colorref and setpixel

This is a discussion on colorref and setpixel within the C++ Programming forums, part of the General Programming Boards category; Code: system("pause"); I'd suggest not using the system function as much as possible (just words of advice). Only thing I ...

  1. #16
    Software Developer jverkoey's Avatar
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    Code:
    system("pause");
    I'd suggest not using the system function as much as possible (just words of advice).

    Only thing I can think of that might be happening is for some reason array1 isn't being given all the memory you're asking for? You're asking for a 3.8 MB array, so possibly it's not getting a valid pointer (for some reason).

  2. #17
    Carnivore ('-'v) Hunter2's Avatar
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    First, array1 should be an array of COLORREF, not INT. Second, why are you getting the cursor position and then getting the pixel at that position? Third, chPixColor is never used.

    Other than that, as things stand I see no reason for the program to quit immediately.

    >>possibly it's not getting a valid pointer
    Possibly, but I just don't see that happening. Arrays are different from dynamic arrays, and aren't really pointers even though they are often implicitly converted to pointers. Besides which, they're allocated on the stack, which is allocated on program startup - and if stack allocation fails, I don't think the program will run at all. Although perhaps the array declaration is optimized out when there's no reference to it and the stack size is decreased? Anyhow, that's just speculation and I have no idea if the stack size actually CAN be decreased by the compiler. Or perhaps the compiler is too stupid to realize that the array will overflow the stack, but smart enough to get rid of it when nothing's referencing it, in which case that might be the problem.

    And if that's the problem, try making the array smaller... much smaller.
    Last edited by Hunter2; 09-11-2004 at 05:30 PM.
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  3. #18
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    Code:
    	COLORREF array1[1000][1000];
    ...
    for (INT col = 400; col < 500; col += 10)
    	{
    		for (INT row = 400; row < 500; row += 10)
    		{
    			//GetCursorPos(&pt);
    			//clr=GetPixel(hdcScrn,pt.x,pt.y);
    			COLORREF pixColor = GetPixel(hdcScrn,col,row);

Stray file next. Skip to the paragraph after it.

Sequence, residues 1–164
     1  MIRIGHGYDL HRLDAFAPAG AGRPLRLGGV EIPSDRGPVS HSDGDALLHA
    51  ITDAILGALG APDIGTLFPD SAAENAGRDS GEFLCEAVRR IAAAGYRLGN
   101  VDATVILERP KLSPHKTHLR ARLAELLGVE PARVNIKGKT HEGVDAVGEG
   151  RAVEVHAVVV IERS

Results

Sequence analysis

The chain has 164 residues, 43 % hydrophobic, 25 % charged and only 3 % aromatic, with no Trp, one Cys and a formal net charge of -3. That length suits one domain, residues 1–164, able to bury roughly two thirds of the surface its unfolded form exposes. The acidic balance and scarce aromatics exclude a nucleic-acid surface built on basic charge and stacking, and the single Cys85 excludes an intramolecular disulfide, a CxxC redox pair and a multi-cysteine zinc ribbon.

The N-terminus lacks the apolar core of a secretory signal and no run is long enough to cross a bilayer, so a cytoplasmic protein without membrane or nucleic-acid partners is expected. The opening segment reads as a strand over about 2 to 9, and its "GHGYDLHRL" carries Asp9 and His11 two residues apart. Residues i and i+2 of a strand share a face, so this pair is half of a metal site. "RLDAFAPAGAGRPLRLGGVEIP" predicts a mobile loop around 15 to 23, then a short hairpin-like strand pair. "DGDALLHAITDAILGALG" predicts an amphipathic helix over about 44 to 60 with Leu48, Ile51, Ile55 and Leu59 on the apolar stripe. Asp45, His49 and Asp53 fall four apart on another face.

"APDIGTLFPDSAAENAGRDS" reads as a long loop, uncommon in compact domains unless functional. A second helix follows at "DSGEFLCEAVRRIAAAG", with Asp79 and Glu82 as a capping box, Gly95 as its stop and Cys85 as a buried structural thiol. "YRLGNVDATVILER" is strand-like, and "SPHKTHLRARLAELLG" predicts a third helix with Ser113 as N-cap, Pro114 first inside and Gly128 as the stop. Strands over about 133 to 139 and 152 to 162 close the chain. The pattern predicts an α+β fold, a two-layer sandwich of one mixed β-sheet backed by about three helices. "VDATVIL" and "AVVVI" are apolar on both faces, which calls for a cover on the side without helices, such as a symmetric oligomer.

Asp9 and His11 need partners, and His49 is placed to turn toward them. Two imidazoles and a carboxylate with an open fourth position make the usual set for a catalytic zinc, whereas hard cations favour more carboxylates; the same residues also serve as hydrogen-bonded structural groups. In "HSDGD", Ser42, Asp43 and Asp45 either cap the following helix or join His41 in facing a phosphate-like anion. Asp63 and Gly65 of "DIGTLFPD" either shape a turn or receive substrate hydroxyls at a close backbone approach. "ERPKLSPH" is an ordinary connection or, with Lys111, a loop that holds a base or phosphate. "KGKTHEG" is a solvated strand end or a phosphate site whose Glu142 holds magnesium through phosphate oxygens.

array1[row][col] = pixColor;
    			Sleep(10);
    		}
    	}
    i'm not sure why i left that bit of code in there i must have just not have realized it was there.

    well anyway i left the pause in there b/c i know that is not the problem (but i'll find another way to do the job)

    i also made the array 50 X 50 instead. the outcome was it would run and after a few seconds it would close and the windows dialog box would appear saying the program has encountered an error would i like to send an error report to microsoft.

    oh yea. problem is still there

    Edit: could the problem be that the array starts putting in values at array1[400][400] ?
    Last edited by bballzone; 09-11-2004 at 05:42 PM.

  4. #19
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    i did some debugging and made a separate program

    Code:
    int main()
    {
    	HDC      hdcScrn;
    	COLORREF array1[100][100];
    
    	Sleep(2000);
    	hdcScrn=CreateDC("DISPLAY",0,0,0);
    
    	for (INT col = 1; col < 50; col += 1)
    	{
    		for (INT row = 1; row < 50; row += 1)
    		{
    			COLORREF pixColor = GetPixel(hdcScrn,col,row);
    
    			array1[row][col] = pixColor;
    			cout << row << " ";
    			cout << col << " ";
    			cout << array1[row][col] << endl;
    			Sleep(10);
    		}
    	}
    	DeleteDC(hdcScrn);
    
    	system("pause");
    return 0;
    }
    it works. if you are going to run it on your computer i'd change the loop to 20 instead of 50 b/c it takes a while.

    when i change the loop values to my original program and declare the array to be bigger it exits just like before.
    Last edited by bballzone; 09-11-2004 at 05:53 PM.

  5. #20
    Carnivore ('-'v) Hunter2's Avatar
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    >>could the problem be that the array starts putting in values at array1[400][400] ?
    If you changed the array size to 50X50 and then put values at array1[400][400], yes that's a problem. Because the max position is array1[49][49] then.

    >>when i change the loop values to my original program and declare the array to be bigger it exits just like before.
    Then it would seem that there may be a shred of accuracy in my speculation about the stack size and compiler intelligence. Try allocating your array on the heap (i.e. dynamically allocate it, or use a std::vector<std::vector<COLORREF>>) instead. That way you'll be fairly sure that your stack isn't being overflowed.

    I hope I'm right about it, if I am than this is my first correct guess in a looooong time!
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